FOM: Do proofs have to be from a decidable axiom set?
neilt at hums62.cohums.ohio-state.edu
Mon Dec 15 15:56:52 EST 1997
Torkel objects that it is demanding too much to require that a set of axioms
for a mathematical theory be decidable (= recursive), and proposes instead
the requirement that the set of axioms be only recursively enumerable.
He did not satisfactorily address, however, the epistemological objection
that one would not then, in general, be able to tell when a given construction
was a proof establishing the truth of its conclusion.
Certainly, if you successfully enumerate far enough to get, say, A1,...,An
confirmed as axioms, and then use only A1,...,An as undischarged assumptions
in a proof of C, then you have shown C to be a truth of the area in question.
But in that case your `proof' consists of more than just the conventional
proof that starts by assuming (or asserting) A1,...,An and then taking
logical steps eventually leading to C. For your `proof' has to contain, in
addition, the information that A1,...,An have all been enumerated by some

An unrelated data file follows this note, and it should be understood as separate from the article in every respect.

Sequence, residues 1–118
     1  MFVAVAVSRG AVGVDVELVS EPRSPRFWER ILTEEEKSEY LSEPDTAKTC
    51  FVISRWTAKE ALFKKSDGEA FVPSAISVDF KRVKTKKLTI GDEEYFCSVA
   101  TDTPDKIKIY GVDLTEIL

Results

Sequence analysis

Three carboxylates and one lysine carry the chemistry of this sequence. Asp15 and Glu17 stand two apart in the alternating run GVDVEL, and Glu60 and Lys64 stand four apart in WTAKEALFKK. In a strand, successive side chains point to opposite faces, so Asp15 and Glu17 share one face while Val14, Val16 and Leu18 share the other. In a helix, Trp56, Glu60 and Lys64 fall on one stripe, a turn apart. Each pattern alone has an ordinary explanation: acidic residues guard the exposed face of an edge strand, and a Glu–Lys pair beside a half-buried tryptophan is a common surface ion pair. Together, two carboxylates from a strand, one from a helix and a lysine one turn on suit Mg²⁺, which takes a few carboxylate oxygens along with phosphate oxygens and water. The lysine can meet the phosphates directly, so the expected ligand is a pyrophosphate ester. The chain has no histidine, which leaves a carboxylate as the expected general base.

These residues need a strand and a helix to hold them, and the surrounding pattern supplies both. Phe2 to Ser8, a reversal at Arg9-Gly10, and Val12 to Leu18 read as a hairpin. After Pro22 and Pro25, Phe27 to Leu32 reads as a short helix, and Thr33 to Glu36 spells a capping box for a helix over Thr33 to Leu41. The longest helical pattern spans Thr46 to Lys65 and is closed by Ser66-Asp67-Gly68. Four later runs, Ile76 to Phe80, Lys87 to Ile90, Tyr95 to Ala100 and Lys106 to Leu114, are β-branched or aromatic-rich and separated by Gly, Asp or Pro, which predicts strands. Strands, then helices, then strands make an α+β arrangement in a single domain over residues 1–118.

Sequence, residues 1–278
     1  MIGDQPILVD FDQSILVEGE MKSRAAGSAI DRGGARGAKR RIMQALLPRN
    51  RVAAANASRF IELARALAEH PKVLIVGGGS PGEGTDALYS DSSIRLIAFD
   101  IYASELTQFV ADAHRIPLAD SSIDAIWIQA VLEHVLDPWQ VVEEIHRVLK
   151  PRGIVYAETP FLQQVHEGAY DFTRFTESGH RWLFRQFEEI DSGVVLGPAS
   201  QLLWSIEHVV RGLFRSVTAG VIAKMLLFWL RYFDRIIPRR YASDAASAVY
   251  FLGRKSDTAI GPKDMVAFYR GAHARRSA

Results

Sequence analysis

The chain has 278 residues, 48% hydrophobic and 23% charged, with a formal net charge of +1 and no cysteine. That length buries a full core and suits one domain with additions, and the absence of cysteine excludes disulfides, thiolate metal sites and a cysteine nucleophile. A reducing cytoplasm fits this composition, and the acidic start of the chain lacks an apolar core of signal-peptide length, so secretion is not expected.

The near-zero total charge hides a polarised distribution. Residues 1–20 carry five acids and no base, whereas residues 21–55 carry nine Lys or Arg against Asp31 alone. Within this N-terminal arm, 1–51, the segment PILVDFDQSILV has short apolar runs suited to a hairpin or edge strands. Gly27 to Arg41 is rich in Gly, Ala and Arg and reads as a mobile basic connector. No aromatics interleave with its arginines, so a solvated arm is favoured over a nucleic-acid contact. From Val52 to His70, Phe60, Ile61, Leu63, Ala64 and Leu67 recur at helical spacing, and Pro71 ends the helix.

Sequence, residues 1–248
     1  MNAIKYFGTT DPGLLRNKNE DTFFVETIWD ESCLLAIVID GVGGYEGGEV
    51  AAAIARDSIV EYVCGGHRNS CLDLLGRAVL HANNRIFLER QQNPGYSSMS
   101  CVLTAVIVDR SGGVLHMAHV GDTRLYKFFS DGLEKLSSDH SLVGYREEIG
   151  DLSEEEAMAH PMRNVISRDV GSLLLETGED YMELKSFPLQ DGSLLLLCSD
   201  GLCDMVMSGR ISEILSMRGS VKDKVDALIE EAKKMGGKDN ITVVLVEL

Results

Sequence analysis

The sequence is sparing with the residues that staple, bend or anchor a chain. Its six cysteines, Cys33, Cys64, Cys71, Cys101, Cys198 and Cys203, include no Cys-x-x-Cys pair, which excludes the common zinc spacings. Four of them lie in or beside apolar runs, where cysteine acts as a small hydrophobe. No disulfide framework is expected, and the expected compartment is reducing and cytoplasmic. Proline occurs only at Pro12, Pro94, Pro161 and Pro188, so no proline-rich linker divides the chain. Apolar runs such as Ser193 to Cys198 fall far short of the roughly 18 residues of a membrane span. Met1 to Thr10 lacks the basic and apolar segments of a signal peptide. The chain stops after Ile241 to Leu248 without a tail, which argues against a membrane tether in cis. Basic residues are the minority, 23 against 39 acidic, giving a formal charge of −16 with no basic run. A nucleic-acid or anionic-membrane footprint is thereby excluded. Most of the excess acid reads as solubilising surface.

finite stage within the official enumeration of all axioms. In this case,
the audience for the proof can `tell effectively', of each of the Ai used,
that it is indeed an axiom.
But suppose someone gives you a proof in the usual sense, namely a deduction
with assumption B1,...,Bm and conclusion C? How can you tell effectively whether that establishes the truth of C for the area of mathematics in question?
If Torkel sets about using his recursive enumeration to confirm the axiomatic
status of B1,...,Bm, he *might* be lucky and find that each of these Bi is
generated in due course. But at any stage before all of them have been confirmed as axioms (by appearing somewhere in his enumeration of axioms) he will not
know whether the non-appearance, thus far, of any given Bj is owing to the fact that Bj is further down in the enumeration, or the fact thast Bj will never
appear in the enumeration. So he will be unable to *tell*, effectively, that
the construction offered is indeed a proof of C.
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